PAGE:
I never saw Charles and Barbara again. She had been leaning toward convincing Charles to head out to Hyde Park Road by taking the left on Little Tesuque Creek trail at the end of Carol. She wanted to take pavement back to Santa Fe after I had described the elevation for both Carol and the next trail and I'm suspecting that is what they did. Smart folks they are.
 
A quick glance at the computer and I realize how the halfway point for the expected mileage today has now been attained. It is at this time I will take a moment and make note of one aspect of the ride that proved to be a disappointment. The outdoor air conditioning had apparently been turned off, and where I had been expecting highs in the low 80s, I was seeing the temp on the bike computer now ranging up into the 90s and as high as 109 in places as I crawled up Carol, pushing the bike along my hike on many sections. I got to the T and briefly pondered taking the left to easy salvation, then, chose to take the right.
 
Stick with the plan I said, as it included riding some of the Dale Ball trails.
I've brought 4.5 liters of water with me I said.
Columbia's shirt had magical properties that were doing a great job of heat management I reasoned.
(if reason is what that can be called, still, it added to the justification to press on, regardless)
Besides, I've never been keen about riding a bicycle on busy, narrow mountain roads.
 
To the right it was, onto Little Tesuque that takes the rider foolish enough to go this way directly to the La Piedra Connector. More about that in a moment. Little Tesuque trail follows the creek into an environment that was full of lush water-fed grasses. A microcosm in the otherwise high desert surroundings. It was quite lovely, lulling me into a false sense of serenity and calm as I found a nice spot to stop and have a bite, down a fizzy tablet of electrolyte goodness, letting it disincorporate into mouth fulls of water while I bided my time enjoying this cool, breezy, shady respite.
 
Little did I know the onerous task, ney, torture, waiting for me unseen a mere 50 feet away.
 
In Spanish the translation for La Piedra is "the rock" or "the stone" and that is sweet and all, but in the local Santa Fean dialect the translation is more like. "The god-awful chunk of rock that some sadistic bastard of a trail builder carved upon to test the will and very soul of anyone attempting to use La Piedra to connect a pleasant Winsor downhill ride with the Dale Ball trails.
 
This jewel in the cap of Marquis de Sade's crown gains 674 feet over 1 mile of trail that includes a series of ~30 switchbacks with rarely more than 50 feet of very steep trail between turns. There is no riding up unless you have the skills of Hans 'NoWay' Rey or Danny Macskill. Walking up with a bike takes time. On the way I see temps steadily over 100, and was thankful that there were plenty of trees offering shady spots every twenty feet or so to stop, sip water, and trudge onward.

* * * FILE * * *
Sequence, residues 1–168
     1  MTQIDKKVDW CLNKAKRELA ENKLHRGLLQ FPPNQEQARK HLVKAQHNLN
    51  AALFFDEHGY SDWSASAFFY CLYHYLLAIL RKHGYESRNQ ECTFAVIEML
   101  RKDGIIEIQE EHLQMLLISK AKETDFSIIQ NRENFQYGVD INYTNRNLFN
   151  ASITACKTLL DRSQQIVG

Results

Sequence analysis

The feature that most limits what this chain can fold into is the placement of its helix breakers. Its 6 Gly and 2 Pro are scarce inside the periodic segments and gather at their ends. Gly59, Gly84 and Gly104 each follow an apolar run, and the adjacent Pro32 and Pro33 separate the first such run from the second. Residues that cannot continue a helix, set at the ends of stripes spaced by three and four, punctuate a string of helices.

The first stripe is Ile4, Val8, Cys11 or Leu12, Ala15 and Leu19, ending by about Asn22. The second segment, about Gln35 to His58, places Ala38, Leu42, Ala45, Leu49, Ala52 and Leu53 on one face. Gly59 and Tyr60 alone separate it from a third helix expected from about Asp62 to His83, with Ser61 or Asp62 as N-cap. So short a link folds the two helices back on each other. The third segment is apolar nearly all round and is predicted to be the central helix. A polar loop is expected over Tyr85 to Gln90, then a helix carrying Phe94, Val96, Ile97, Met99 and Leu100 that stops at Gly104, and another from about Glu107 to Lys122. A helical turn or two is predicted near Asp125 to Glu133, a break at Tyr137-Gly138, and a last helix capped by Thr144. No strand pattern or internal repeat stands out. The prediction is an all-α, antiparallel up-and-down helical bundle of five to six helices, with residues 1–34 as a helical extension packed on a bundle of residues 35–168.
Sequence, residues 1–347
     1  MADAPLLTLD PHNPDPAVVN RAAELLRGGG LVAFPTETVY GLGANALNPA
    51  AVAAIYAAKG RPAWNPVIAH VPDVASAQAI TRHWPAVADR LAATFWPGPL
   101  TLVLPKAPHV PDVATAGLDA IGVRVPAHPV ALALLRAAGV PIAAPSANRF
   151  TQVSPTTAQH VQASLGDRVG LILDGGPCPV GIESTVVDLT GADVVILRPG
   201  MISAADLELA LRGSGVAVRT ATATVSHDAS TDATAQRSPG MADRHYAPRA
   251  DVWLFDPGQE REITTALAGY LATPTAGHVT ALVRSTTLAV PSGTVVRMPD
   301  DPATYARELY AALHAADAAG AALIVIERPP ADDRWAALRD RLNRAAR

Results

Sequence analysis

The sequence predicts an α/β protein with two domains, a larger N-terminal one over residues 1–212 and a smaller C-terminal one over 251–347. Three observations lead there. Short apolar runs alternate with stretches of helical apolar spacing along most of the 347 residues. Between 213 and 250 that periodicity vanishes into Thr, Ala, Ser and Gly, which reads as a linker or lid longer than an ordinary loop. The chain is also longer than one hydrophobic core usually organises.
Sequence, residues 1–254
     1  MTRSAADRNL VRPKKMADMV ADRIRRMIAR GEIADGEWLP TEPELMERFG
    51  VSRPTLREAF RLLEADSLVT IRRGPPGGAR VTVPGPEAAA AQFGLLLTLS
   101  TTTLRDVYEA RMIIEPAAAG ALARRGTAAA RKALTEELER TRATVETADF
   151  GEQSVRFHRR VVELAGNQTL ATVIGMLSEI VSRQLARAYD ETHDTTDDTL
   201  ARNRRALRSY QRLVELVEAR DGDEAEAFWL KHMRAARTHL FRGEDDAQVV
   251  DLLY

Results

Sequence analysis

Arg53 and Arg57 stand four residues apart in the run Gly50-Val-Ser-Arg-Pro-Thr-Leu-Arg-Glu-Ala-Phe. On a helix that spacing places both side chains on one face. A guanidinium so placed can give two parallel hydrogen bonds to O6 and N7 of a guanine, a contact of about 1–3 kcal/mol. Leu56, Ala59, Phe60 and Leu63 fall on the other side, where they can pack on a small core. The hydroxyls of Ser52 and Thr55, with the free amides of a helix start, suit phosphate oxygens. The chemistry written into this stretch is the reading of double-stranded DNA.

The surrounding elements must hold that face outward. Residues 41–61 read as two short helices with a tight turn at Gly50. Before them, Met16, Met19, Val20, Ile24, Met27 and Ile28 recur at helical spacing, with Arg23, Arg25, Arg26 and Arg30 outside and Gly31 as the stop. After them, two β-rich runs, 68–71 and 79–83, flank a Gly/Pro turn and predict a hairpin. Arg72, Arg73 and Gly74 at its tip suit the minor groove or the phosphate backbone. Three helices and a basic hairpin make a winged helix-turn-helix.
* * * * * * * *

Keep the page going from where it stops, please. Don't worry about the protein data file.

VIN2 - DO NOT UNDER ANY CIRCUMSTANCES TRY TO CONNECT A WINSOR DOWNHILL RIDE WITH DALE BALL TRAILS just go on down to Tesuque and catch the bus back to Sante Fe.
Really... I mean it... especially in July.
 
I never actually thought I was going to die, but in retrospect I may have just been telling myself that as a way to ease my passing from this mortal coil should it come to that. As near as I can tell by signage and a remarkably stout cedar pole fence toward the top, this connector trail had to be built in a very narrow section between private property lines on either side. There is no other reason for it to have been built this way. Ah, here's a blog post on the construction of the trail.
 
As I'm ascending this marvel of modern trail building I'm hearing the thunder of afternoon storms brewing over the mountain I came down. Big rolling, crackling noises, lightning zip-zapping between clouds, it becomes obvious to me how I'm now headed to the peak in order to offer optimal exposure for a rider seeking to become a high point should electricity be coursing through the nearby air seeking a convenient path to connect to the electrons anxiously awaiting the trip skyward from terra firma.
 
Rolling spritely over the peak I gratefully descend on steep, yet rideable trail leading me to another Y. After study upon the choices on TrailForks elevation profile, I take the lesser climb on the right spur to begin another set of switchbacks that eventually get me the hell off of La Piedra trail.
 
I have attained the goal. I am on the famous Dale Ball trails! Yay.
 
VIN3 - Dale Ball trails aren't named, instead, the intersections and waypoints are numbered. This was quite confusing as the trails are described as "Dale Ball #2-#3" and such. Fortunately, they are well signed and once I became used to looking for the direction to the next marker, rather than thinking of them as trail numbers it became a breeze to navigate. The Dall Ball trails I rode were flowy fun, with an occasional climb. As an added bonus the winds being sucked into the base of the CumuloNimbus making noises nearby brought the temps down to the 80s and made the Dale Ball riding that much better.
 
Here is the order of precedence for the Dale Ball trail markers as ridden post-La Piedra: 2, 3, 4, 5, 10, 11 ...
 
At which point I'd like to mention how the trail crosses Hyde Park Road (NM475) between 10 and 11. When I got there I checked my watch. 1500 hours. I knew the last shuttle bus was just leaving the summit and I could wait here for 30 minutes and flag it down for a ride back to within a half mile of the house.
I deliberated,
I hemmed,
I hawed,
I applied all I know about survival in the wild ...
In the spirit of all my previous decisions along this ride, I took into serious consideration factors such as fatigue, the heat, the dwindling water supply and, as you have come to expect by now, I crossed the road and entered the singletrack, away from the safety and convenience of the returning Short Bus, taking the trail that led, unremarkably, to yet another set of upwardly immobile switchbacks.